How can we teach our kids to navigate hardships and adversity while also raising them to be well-behaved? Today’s guest is Chris Santillo, the author of Resilience Parenting: Raising Resilient Children in an Era of Detachment and Dependence.
Chris is a black belt instructor of Kempo karate and has established a foundation of three pillars in parenting—learning, service, and integrity. You will find out what snowplow parenting is and why it’s so damaging. You’ll also learn why you should formulate a family creed, how to teach ownership and independence, and how to give kids space to overcome challenges to become constant learners in life.
If you don’t intentionally communicate your values to your children, then they’re either going to end up with no values or someone else is going to shove their values onto your kids.—Chris Santillo
Chris Santillo is founder and head instructor at Potomac Kempo, a martial arts studio with four locations in Alexandria, Virginia. Holly is his co-author and the founding conductor of Mount Vernon Children’s Choir and a Senior Instructor at Potomac Kempo. Together, they have been working with and educating children for more than thirty-five years. Chris has a degree in computer science from Harvey Mudd College and an MBA from Georgetown University; Holly has a degree in anthropology from Willamette University. As of the date of publication they are nomadic, exploring the world and worldschooling their three sons.
Anything they figure out by themselves sticks a little bit better than anything I can say.—Chris Santillo
Your children will face many challenges in the years ahead, so you want to raise them to be resilient—strong, adaptable, and able to recover. It is your mission to empower your son or daughter to cultivate a functional and fulfilling life. This essential handbook will help you achieve that goal.
In Resilience Parenting, martial arts instructors Chris and Holly Santillo share the insights they have gained as teachers and parents. They offer positive alternatives to lecturing, bribing, and punishing; focusing instead on three Pillars: Learning, Integrity, and Service. By applying these powerful principles, you can inspire your children to develop the independence they need to succeed as adults, while renewing their connection to family and community.
Whether you are raising a teenager or just starting your family, the methods prescribed in this book will help you unlock your greatest potential as a parent.
The world is a better experience with children.—Chris Santillo
What You’ll Learn
- What snowplow parenting is and why it leaves kids dangerously unprepared when they go out into the world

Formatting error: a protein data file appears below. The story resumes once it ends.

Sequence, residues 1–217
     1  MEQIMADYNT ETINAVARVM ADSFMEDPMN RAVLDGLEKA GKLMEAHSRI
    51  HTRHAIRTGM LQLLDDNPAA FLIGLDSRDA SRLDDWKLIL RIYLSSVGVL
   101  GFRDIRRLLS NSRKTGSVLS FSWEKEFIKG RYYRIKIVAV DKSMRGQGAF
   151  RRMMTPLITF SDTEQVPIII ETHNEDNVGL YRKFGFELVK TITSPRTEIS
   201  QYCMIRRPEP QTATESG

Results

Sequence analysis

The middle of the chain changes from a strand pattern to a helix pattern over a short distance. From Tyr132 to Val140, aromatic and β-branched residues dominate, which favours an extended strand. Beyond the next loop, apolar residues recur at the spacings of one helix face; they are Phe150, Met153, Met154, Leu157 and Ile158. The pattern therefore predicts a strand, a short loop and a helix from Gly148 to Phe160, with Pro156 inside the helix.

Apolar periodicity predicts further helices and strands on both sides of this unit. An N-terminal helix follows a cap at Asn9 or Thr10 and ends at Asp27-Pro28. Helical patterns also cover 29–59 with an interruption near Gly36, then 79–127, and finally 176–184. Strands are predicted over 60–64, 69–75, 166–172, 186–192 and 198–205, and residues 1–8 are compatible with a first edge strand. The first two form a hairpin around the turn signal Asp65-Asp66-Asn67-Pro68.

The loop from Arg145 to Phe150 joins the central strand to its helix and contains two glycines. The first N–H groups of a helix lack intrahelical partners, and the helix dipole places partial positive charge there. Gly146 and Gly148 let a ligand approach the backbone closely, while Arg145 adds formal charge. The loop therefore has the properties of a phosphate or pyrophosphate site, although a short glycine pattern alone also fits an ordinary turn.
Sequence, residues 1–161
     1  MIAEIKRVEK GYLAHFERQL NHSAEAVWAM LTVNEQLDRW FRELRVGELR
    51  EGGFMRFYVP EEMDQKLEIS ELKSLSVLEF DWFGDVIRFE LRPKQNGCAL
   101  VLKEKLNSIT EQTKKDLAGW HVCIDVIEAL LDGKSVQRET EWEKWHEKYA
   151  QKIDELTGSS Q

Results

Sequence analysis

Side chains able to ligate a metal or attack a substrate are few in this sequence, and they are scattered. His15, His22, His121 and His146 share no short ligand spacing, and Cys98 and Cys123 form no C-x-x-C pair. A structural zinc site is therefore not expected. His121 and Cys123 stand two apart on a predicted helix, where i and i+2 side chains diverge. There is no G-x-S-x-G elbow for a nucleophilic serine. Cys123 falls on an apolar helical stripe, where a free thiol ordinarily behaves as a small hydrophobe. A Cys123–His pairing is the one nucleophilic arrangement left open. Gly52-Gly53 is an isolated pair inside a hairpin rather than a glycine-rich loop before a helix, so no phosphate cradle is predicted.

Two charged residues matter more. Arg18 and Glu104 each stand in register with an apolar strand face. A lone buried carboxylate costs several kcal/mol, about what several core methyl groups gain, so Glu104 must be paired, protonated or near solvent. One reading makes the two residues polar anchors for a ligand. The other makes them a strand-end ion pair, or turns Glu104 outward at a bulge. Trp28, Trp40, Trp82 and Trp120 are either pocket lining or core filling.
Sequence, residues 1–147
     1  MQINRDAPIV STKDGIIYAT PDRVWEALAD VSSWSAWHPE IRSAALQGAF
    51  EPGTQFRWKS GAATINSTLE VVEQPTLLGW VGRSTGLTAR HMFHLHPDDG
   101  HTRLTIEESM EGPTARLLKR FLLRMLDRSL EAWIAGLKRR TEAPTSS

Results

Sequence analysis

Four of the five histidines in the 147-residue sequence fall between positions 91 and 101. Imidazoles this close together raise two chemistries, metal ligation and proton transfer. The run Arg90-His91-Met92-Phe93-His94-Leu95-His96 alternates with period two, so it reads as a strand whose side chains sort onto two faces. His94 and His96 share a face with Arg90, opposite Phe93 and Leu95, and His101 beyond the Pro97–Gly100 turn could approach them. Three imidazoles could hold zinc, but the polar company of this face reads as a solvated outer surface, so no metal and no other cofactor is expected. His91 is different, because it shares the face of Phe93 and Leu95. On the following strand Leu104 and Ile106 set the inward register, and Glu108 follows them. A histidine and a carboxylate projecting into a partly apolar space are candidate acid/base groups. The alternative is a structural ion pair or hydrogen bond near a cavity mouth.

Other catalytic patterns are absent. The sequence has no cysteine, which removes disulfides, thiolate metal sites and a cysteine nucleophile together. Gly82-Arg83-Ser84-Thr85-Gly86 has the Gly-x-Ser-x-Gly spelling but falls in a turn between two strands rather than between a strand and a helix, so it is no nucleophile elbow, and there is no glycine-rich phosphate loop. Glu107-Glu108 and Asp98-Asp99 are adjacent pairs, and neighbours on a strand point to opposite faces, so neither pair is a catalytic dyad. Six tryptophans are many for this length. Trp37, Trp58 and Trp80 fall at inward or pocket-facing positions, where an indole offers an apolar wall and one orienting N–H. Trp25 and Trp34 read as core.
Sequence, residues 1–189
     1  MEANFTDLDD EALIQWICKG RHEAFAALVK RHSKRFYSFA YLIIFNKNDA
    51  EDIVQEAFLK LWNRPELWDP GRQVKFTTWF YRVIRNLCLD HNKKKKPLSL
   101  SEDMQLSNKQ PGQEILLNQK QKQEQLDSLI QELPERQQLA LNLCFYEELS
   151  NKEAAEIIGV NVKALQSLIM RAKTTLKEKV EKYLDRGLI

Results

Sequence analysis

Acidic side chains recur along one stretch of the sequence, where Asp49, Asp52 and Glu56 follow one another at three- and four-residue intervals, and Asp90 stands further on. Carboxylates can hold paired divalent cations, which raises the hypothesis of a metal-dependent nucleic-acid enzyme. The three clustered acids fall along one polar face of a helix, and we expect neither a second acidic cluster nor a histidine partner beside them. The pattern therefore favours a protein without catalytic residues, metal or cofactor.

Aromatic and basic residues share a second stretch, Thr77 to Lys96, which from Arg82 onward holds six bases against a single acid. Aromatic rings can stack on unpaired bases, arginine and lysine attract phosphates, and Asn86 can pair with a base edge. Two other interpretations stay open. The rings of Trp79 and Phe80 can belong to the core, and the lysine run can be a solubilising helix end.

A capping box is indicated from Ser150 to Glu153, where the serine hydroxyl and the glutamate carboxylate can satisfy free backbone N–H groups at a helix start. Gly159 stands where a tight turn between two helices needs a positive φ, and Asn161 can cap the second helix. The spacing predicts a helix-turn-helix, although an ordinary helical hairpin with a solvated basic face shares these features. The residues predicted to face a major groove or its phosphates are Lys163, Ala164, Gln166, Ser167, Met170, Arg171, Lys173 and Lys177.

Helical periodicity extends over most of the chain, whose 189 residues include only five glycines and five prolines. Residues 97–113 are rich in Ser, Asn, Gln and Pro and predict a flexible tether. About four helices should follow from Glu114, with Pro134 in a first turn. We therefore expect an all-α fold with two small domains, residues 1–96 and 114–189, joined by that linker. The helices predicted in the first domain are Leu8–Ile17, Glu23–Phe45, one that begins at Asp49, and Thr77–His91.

- How we need to give kids opportunities to grow and develop and not do everything for them
- Letting kids learn to take care of themselves
- How to raise responsible kids who follow directions
- Letting go of the constant need to look perfect in front of your kids
- Why kids need us to talk about our failures as well as our successes
- How to teach kids on their level
- How to encourage kids to find solutions
- The importance of understanding your values as a parent
- Creating a family creed to reiterate on a daily basis, and making sure behavior is consistent with the creed
- The Three Pillars of Parenting—Learning, integrity, service
- Learning–How it’s not about kids learning stuff. It’s about them developing the confidence that they can learn stuff and overcoming challenges even if they don’t have tools readily available.
- Integrity to self–if you don’t have integrity with yourself, you won’t have it anywhere in your life. You must follow through with the promises you make to yourself.
- Integrity to others–if you promise something, you must keep your word.
- Service–Building connections with other people and performing a service for them to have a fulfilling life.
- Staying connected to other people while preserving independence
- As dads, when we don’t have the perfect answer to a question, we blow it off or diminish it instead of admitting we don’t know and exploring it together with our child
- Developing mental and physical strength, adaptability, and recovery
- Learning to develop strength to approach problems better, then adapting to adversity and setbacks
- Recovery–knowing that when everything goes wrong and you’re broken down, you possess the confidence that you’ll get back up again
- Leading by example–Don’t tell kids to do homework or practice their instrument while you go watch Netflix. Show them you’re a lifelong learner too.
- How to help kids be better at failure
- Pulling lessons out of books and real life to show our kids
- The importance of repeating these lessons
- If kids are not participating in the family chores, you become their servant
- How to address kids who do not obey
- Setting rules–reasonable, unambiguous, consistent, and age appropriate
- How to undo bad parenting habits with kids
- Chris’s proudest moment in his martial arts career
- What we all want to know—who would win a sparring match between Chris and his wife?
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